COMING in to work a couple of weeks ago, I thought I’d done irreparable damage to my car when I drove over a viciously-deep pothole.

I say drove over the pothole, it felt more like I’d driven into it – not so much a pothole, more a crater.

And the really frustrating thing from my point of view is, given where this particular pothole was, it was completely and utterly unavoidable.

I watched all the cars in front of me hit the hole and like a lemming, so did I.

It was so bad, I contemplated changing my route into work to avoid it.

But on my way home that evening, I noticed whoever is responsible for fixing these things had been out during the day, done their stuff and left us, the long-suffering motorists, with a nice, smooth road.

Now I don’t claim to be an expert at highway maintenance – truth be told I’m not really an expert about anything – but as a road user, I would have hoped the repair would have lasted longer than a month.

But it appears not.

The hole is back and you still can’t avoid it.

It’s not as big and it’s not as vicious as it was but I think it’s only a matter of time before it’s back to its crater-like worst.

Let’s just hope whoever fixes these things responds just as promptly as last time and gets it right this time.

(Just for the record, this particular pothole is at the junction of Crosfield Street, Parker Street, Liverpool Road and Sankey Street and is catching unwary drivers turning right to go down Parker Street as they come over Bank Quay bridge.)

  • When I was a small boy, there were certain illnesses that were talked of only in hushed terms.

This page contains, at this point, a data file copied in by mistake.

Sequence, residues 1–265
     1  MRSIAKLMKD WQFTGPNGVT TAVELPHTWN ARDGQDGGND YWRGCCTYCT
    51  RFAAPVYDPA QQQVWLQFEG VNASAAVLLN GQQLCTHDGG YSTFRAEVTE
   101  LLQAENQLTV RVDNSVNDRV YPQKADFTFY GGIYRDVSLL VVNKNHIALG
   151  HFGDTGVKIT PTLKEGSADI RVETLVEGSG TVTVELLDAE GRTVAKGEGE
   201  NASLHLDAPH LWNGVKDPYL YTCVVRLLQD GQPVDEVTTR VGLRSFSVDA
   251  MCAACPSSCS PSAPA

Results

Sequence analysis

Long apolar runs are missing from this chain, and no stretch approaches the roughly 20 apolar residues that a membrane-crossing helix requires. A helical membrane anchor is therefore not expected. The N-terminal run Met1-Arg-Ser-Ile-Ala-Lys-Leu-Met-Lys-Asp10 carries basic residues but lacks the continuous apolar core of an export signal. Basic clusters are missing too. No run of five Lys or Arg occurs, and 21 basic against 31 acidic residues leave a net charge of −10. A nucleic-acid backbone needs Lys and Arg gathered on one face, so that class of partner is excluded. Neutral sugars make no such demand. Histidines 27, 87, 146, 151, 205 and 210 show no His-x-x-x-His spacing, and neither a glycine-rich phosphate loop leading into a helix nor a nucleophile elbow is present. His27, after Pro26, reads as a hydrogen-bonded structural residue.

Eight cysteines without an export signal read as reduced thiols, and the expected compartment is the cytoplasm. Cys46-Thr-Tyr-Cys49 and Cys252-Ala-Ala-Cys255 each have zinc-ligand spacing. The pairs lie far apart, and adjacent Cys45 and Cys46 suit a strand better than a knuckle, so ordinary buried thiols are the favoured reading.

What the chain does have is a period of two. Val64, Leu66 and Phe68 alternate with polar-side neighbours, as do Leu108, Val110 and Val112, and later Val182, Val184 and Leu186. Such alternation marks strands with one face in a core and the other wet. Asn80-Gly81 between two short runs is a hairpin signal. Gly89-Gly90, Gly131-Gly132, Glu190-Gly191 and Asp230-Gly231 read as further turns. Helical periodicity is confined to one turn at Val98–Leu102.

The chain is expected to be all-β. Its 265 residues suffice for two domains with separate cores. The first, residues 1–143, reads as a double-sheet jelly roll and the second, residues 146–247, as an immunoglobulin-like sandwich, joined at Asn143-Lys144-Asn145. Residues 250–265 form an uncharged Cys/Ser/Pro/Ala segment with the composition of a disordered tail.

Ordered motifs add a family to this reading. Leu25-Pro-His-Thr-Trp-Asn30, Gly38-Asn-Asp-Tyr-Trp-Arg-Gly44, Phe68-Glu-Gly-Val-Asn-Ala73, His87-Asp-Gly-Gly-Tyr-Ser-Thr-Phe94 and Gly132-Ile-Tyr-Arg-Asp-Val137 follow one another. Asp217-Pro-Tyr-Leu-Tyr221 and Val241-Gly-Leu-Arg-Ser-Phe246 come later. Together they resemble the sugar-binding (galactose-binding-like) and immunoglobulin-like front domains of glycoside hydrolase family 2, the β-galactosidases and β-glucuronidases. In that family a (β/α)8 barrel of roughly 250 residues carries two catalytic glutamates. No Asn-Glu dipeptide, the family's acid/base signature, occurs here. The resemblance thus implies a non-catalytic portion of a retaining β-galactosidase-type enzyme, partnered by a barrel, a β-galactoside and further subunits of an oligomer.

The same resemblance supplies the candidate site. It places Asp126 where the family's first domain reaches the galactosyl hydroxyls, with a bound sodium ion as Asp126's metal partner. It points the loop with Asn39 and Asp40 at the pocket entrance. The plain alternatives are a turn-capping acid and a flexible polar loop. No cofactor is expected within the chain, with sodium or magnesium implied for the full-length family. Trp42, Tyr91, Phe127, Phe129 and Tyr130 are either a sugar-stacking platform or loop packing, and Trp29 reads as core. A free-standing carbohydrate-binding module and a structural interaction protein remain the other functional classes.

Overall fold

It was generally old people who held them in fear and awe because they were old enough to remember when these illnesses were either fatal or life-changing and not in a good way.

I’m not talking here about ‘exotic’ diseases such as smallpox, cholera or typhoid.

Those I have in mind are illnesses such as measles, polio, diphtheria and scarlet fever.

We have come a long way since I was a boy but the news of an outbreak of scarlet fever at a primary school in Warrington sent my mind racing back to the time when I was about four or five years old.

I will never forget the look of terror on my grandmother’s face when I came home from school and informed the household that the boy who sat next to me at St Bede’s Infants School had scarlet fever.

My gran was certainly old enough to remember the turn of the century when scarlet fever killed around a quarter of those who caught it and memories like those just don’t go away.

Apparently, a small number of pupils have been affected by the current outbreak in Warrington according to a letter which was sent out to parents last week. A council spokesman has confirmed the authority has been liaising with Public Health England following the diagnosis.

Only one school in Warrington has confirmed to the council that is has been affected so far but across the country there has been an unprecedented rise of the disease, with the highest rate of infection for nearly 50 years.

There is currently no vaccine for scarlet fever but happily these days, prompt treatment with antibiotics is an effective treatment.

  •  I see work is carrying on at a fair old pace on the new Time Square scheme.

The scaffolding holding up the facade of the old Boots building is a feat of engineering in its own right and the demolition teams seem to be working overtime on clearing the site of the old market.

This whole project looks like it could have the potential to transform the town centre and we can only hope that when it is complete, Warrington will have a family-friendly evening economy that is welcoming for families and not just teenage drinkers.